I don’t know about you guys, but I’m thinking that knowing God’s plan would have made Moses a whole lot more reluctant than he already was.

It is better that Moses didn’t know all the details. Without known pitfalls to hinder him, Moses went forward on faith – shaky faith, but faith just the same. And his reward was a close, personal relationship with God.

It is better for us just to trust and obey as well. That way we each get to experience the joy of standing on our own Mount Sinai in the presence of the Lord, and we can enjoy the worship experience without worrying about golden idols and other obstacles yet to come.

Moses made some mistakes, but he lived his life with integrity and Godly commitment. He did not make it into the Promised Land, but he did make it into heaven. Had Moses known God’s whole plan, at best he would have insisted on renegotiating some of the rougher patches; at worst he would have run away screaming, and in doing so he might have cost himself — himself.

We are God’s children. He strives to protect us from all things –- even ourselves. So, while you’re wondering around in your own personal 40 year desert, be patient – your turn on Mount Sanai is coming – and a suite has been reserved for you in heaven.

Heavenly Father,
Hold us in your righteous right hand. Help us live our lives in obedience to you. When we are frightened, Lord, and our commitment falters, strengthen our faith. Help us live lives of integrity, so that like Moses we can lead in accordance to your will. In Jesus’ name we pray,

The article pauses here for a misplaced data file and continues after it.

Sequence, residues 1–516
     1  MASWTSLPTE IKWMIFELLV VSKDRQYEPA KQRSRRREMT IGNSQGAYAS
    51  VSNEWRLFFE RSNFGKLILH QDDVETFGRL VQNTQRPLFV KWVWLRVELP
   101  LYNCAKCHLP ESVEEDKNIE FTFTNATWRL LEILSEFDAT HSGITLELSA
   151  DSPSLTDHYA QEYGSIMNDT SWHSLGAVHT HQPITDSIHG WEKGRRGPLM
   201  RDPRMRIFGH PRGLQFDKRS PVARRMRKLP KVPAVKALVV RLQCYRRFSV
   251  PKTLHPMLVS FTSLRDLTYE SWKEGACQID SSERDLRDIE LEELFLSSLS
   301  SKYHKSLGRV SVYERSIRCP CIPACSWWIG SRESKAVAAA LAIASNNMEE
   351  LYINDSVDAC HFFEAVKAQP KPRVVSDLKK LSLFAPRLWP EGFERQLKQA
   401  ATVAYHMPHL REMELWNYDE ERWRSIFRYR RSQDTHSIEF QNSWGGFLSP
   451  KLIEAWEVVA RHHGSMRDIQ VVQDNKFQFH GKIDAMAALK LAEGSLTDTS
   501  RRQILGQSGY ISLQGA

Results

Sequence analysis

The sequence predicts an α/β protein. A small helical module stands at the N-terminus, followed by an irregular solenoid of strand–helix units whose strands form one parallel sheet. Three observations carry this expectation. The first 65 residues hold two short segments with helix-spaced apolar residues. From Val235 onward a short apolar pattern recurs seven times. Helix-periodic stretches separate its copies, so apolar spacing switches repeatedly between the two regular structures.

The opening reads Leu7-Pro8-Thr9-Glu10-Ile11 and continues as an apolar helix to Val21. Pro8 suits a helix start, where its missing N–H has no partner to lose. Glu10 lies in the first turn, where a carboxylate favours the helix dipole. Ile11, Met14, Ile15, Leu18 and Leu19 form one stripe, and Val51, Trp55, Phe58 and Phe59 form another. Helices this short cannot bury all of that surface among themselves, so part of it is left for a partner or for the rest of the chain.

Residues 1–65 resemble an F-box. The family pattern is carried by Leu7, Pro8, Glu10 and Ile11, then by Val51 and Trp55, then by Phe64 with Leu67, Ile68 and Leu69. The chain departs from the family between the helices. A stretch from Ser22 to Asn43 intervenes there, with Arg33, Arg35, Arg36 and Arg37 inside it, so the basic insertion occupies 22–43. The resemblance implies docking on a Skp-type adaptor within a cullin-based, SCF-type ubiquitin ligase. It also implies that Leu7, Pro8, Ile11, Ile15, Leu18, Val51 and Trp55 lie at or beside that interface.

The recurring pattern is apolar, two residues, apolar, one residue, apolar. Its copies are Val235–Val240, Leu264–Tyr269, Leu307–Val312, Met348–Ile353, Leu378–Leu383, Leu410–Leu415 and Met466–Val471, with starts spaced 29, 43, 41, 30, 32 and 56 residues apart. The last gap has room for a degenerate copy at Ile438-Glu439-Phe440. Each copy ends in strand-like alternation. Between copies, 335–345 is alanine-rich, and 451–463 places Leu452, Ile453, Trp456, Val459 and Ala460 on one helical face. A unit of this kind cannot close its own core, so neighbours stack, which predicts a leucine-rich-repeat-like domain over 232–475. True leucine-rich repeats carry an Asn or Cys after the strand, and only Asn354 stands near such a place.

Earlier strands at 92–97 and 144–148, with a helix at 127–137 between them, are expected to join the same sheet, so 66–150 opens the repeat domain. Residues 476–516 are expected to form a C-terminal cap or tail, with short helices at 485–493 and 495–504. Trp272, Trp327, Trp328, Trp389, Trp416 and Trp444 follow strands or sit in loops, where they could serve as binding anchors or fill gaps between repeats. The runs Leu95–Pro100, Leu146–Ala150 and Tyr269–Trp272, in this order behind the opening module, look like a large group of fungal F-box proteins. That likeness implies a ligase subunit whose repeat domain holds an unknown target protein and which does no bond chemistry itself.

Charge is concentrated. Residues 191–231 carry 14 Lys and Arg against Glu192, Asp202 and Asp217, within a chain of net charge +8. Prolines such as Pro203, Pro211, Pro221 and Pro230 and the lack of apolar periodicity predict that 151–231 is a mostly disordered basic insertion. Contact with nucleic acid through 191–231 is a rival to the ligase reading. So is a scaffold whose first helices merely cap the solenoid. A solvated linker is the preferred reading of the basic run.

This entry was posted on Thursday, July 20th, 2006 at 4:59 am and is filed under Uncategorized. You can follow any responses to this entry through the RSS 2.0 feed. Both comments and pings are currently closed.

4 Responses to “Patience — a word study”

  1. July 20th, 2006 at 8:59 am

    QUASAR9 says:


    Have you just volunteered to take Moses’ place, Charlene?

    will the Israelies listen any more now than they did then?

  2. July 20th, 2006 at 9:12 am

    QuillDancer says:

    Q — I have taken Moses’ place in my modern version of freeing the slaves — its called youth ministry. And I’m very much afraid the Israelites still struggle with obedience issues.

    I am giving the message at our August 2nd service, this is my practice …

  3. July 20th, 2006 at 12:14 pm

    goldennib says:

    You make a good point. Knowing the future doesn’t make the future easier, just the reverse.

    I like the way you explained this concept.

  4. July 21st, 2006 at 8:53 am

    QUASAR9 says:

    Indeed Youth Ministry

    alas – If only they new in their youth what they perceive as ‘freedoms’ are really bondage and slavery of the ‘soul’

    But as with Moses discovered, and Christ showed:
    (1) Some words will fall on stones
    (2) Some will fall on soil and sprout, but not take root,
    and yet others …
    (3) Some will take hold and increase tenfold

    Always tempting to harvest the best crop, but we must also water the weaker one’s see if they take root, or rather take heart …